Letters to the Editor
Dead Medium Walking
The CD lives: I must say, as a self-producing musician, I was a little disturbed -- yet intrigued -- by the article ["DISConnect," by John Nova Lomax, January 4], partially, of course, because after years, I've finally acquired the capacity to produce quality recordings at home. Now I want to scream, "No, don't take it away now!"
This being said, there are some glaring errors in the article. Contrary to what many believe, CD is still a far superior format, soundwise, than any of the other technologies mentioned. This can be proven. All the hype over vinyl is romantic nonsense -- people always love to collect obsolete items. I personally have a small collection...hanging on my wall.
Same is true for MP3, a compression technology which can never match the clarity of uncompressed CD. True, the average listener may not care. Nonetheless, there will always be a cadre of serious aficionados who want the best sound quality.
Yes, MP3 may cut into CD sales, and a few may amass enormous vinyl collections, but if a technology is going to seriously challenge CD as an artistic medium, it has yet to show itself.
Shiloh Lee Akin
Great article, Lomax: I've worked repairing car and home equipment and played music for years. Analogue and vinyl will always give a warmer, more human feel, far superior to digital. I hope everyone reads this article -- it was great.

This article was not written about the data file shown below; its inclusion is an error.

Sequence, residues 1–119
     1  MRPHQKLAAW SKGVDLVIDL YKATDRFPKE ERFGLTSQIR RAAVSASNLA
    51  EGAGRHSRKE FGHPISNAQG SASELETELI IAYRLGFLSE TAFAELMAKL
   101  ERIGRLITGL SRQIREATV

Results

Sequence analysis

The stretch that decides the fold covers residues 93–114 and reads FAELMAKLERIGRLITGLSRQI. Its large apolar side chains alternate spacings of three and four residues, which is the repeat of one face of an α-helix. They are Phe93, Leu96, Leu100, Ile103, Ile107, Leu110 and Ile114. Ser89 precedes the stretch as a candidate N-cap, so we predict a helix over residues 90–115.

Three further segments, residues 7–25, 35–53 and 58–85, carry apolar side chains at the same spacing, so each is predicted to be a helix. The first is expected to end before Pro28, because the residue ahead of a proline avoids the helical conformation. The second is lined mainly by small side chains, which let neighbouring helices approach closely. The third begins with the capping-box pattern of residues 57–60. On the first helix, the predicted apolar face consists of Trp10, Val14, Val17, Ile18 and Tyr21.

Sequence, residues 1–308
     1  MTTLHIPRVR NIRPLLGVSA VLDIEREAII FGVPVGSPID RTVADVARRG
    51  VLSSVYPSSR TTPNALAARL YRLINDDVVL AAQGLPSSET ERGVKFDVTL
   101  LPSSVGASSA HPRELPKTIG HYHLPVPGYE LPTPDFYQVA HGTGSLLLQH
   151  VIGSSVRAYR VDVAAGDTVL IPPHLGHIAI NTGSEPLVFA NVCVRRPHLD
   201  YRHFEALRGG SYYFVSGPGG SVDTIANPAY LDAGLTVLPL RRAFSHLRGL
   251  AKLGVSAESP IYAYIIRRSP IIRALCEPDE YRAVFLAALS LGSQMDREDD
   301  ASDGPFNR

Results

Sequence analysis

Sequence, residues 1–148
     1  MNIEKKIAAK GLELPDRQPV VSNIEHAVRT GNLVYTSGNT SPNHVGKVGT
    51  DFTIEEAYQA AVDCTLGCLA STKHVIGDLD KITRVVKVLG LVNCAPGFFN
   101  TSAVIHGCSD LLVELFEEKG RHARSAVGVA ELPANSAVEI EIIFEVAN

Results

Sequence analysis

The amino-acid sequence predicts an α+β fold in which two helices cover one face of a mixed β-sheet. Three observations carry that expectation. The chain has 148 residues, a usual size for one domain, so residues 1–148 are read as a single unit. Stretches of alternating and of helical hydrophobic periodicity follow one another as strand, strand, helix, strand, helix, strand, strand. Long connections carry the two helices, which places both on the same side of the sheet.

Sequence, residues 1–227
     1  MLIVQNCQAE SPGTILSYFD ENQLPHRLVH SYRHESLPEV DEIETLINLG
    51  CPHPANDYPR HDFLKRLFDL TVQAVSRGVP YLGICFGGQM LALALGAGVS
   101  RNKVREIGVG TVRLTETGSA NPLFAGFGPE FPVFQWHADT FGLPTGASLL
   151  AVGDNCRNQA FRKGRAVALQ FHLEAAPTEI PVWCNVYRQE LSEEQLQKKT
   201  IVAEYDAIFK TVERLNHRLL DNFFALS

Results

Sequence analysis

Technology will never replace oxygen.
Sigh... As an owner of a music store, I was immediately drawn to your cover story, "DISConnect," on the state of music, its medium and the Houston stores that sell it. But shortly after getting into the article, I realized that this was going to be another one of those articles, in which my shop, Vinal Edge Records, was going to be ignored. I do realize that we aren't "just a few blocks" from the Houston Press offices like the stores that were mentioned in the article. The store owners interviewed (Curt of "Sound Ex," Thomas of "Sig's") have a wealth of knowledge, and I have nothing but good things to say about them. The problem lies in the "inner-loop centric" attitude of in-town writers. We up here in the "great north" of the FM 1960 area have come to call folks who ignore us "inner-loop snobs." The irony is that while the writers don't always make it out this far, the advertising reps always do.
You would think that a record store like ours would have gotten a little attention in this article for many reasons. We have probably the deepest selection of vinyl records in Houston. We also have one of the best experimental music selections in the U.S., great "stoner rock" and punk sections, and so much more. My staff and I have worked so very hard for more than 21 years to have as great a record and CD store as this town will support. It's not around the corner from the Houston Press offices, but it is in your distribution area. Come out and see what we are about -- critique us, love us, hate us, but please, do not ignore us.
Owner, Vinal Edge Records
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